No longer enough

It is no longer enough to tell that you work in marketing, that you are a great communicator, that you are an expert in corporate finance, that you have decades of experience in consulting.

That is the same thing thousands of other professionals can say at any given time, in any geography, with any type of degree and certification backing that up.

If you want to really stand out tell about the time you have leveraged your knowledge of customers to deliver unexpected growth; about the time you have changed the culture of a company who was struggling to engage employees; about the time you found a nasty mistake in the accounts of a potential acquisition, saving the buyer money and time; about the time you have turned around a stagnating start-up by suggesting they exploit an unexplored market opportunity.

We are not looking for marketers, communicators, accountants, or consultants.

We are looking for stories.

Your story.


Imagine approaching your team with the suggestion that this year, for Black Friday, you could dedicate your site’s home page to a message of social responsibility.

Imagine suggesting that the headline could stick to the version your team crafted after months of customer research, rather than make space for the latest look-at-me PR sensation.

Imagine recommending to continue with something that has been planned for months, rather than replacing it all with some shiny hack that will boost one of the vanity metrics.

They would look at you and think you are crazy.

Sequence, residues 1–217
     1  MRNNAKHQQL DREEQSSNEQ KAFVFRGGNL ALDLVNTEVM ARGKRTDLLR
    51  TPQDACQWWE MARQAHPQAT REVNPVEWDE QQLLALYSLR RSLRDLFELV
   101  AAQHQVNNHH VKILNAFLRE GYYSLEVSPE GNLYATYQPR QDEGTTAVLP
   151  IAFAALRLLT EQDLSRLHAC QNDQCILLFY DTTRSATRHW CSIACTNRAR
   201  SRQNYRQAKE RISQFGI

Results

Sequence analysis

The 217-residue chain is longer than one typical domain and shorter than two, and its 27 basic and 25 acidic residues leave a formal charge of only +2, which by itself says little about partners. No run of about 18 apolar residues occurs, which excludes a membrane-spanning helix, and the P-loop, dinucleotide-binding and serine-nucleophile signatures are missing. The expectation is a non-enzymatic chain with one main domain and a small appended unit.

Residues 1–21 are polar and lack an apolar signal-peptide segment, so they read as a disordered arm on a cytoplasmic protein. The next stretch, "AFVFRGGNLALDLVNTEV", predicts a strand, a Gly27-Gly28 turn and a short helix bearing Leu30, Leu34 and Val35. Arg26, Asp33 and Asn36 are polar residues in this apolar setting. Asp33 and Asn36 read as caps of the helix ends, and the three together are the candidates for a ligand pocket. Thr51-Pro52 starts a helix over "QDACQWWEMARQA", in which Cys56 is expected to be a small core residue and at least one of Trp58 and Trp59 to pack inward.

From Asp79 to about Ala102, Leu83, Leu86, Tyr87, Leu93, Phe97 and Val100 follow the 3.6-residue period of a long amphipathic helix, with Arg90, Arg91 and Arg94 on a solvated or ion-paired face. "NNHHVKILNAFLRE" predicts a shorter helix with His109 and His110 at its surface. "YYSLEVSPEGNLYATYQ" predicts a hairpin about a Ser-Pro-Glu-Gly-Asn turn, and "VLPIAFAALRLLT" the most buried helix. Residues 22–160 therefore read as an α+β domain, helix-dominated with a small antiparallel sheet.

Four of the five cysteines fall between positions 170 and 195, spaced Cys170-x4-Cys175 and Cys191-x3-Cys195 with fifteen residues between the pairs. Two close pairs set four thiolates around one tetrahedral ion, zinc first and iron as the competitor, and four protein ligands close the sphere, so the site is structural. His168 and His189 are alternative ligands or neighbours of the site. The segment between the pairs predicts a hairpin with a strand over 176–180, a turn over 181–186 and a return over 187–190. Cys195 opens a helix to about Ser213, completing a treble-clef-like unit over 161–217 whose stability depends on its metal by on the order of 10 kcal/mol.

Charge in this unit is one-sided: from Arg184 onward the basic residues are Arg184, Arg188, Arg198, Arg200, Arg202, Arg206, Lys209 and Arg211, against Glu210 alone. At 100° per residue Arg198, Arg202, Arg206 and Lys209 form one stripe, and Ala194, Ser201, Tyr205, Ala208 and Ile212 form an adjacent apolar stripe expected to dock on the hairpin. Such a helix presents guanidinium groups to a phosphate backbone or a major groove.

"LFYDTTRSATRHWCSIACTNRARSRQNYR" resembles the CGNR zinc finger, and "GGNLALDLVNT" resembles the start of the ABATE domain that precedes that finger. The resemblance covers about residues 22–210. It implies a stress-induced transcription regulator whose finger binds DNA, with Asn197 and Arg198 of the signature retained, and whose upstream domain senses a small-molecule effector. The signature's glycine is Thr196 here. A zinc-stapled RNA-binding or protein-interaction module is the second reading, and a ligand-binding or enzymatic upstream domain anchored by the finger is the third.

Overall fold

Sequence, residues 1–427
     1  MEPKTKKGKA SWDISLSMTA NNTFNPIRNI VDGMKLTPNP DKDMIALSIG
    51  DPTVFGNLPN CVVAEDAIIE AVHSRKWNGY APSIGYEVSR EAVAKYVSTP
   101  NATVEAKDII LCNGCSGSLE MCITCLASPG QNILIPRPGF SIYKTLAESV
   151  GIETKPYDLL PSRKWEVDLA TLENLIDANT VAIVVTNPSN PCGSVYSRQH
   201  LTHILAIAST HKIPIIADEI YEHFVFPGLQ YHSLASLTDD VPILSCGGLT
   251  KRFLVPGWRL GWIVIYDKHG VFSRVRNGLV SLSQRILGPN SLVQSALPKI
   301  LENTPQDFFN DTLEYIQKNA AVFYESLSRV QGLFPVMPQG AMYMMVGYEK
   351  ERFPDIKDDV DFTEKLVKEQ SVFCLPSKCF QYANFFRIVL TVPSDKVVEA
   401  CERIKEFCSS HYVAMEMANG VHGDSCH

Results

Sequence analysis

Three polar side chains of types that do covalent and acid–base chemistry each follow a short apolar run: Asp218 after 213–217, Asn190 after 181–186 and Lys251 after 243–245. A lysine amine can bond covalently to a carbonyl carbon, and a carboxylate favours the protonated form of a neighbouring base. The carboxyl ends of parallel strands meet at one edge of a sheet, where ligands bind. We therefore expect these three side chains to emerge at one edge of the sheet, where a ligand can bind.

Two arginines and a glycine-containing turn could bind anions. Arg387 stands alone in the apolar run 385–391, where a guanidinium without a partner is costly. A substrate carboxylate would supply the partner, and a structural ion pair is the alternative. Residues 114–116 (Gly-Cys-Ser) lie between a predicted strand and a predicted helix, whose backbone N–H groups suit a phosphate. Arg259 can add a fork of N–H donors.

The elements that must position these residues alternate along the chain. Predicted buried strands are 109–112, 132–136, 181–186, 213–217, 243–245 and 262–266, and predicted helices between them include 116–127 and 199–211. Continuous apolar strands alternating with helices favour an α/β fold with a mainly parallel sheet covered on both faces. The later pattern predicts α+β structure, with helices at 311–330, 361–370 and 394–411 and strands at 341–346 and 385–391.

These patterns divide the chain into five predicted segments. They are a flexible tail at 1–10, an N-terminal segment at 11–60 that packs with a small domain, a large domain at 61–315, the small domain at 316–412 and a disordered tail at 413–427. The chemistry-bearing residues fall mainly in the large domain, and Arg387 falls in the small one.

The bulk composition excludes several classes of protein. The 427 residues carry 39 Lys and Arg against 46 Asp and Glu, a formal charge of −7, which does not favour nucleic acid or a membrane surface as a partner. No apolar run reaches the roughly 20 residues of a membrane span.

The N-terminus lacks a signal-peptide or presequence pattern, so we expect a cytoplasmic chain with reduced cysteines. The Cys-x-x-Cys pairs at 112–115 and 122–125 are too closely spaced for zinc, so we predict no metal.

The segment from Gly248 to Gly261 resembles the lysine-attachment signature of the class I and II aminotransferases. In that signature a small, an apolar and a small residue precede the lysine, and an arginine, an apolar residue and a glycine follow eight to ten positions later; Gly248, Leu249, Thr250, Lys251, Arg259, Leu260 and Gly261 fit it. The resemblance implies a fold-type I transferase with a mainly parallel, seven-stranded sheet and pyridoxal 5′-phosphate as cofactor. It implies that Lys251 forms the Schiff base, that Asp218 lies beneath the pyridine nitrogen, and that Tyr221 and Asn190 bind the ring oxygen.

Unless you work at Patagonia.

Cause and effect

Not every cause leads to an effect. Not every effect can be immediately linked to a cause.

The fact is, we are not rational beings and we merely use reason to find an explanation to things that have already happened, to decisions that have already been made.

That’s why brands and stories have so much power. They don’t engage with reason and they leverage the most tribal and innate of our insticts.


If your company wants to measure brands and stories, if they want to find the thread that links brands and stories to material results, they are probably missing the whole point. And the opportunity to establish relationships with employees, customers, stakeholders that can determine long-term competitive advantage.

You got to have faith not to miss this opportunity.


There are two ways organizations promote employees.

One is by tenure. The employee has been in one role for long enough that they kind of outgrew it. The promotion is often formal and comes at the end of a process. It is about dues and achievement.

The other is by stretch. The employee is given enough space that they can grow into it. The promotion is often informal and comes at the beginning of a process. It is about responsibility and potential.

The way your organization does this has much to do with whether the general belief is that trust should be earned or that trust should be given. And it says a lot about many other aspects of the culture.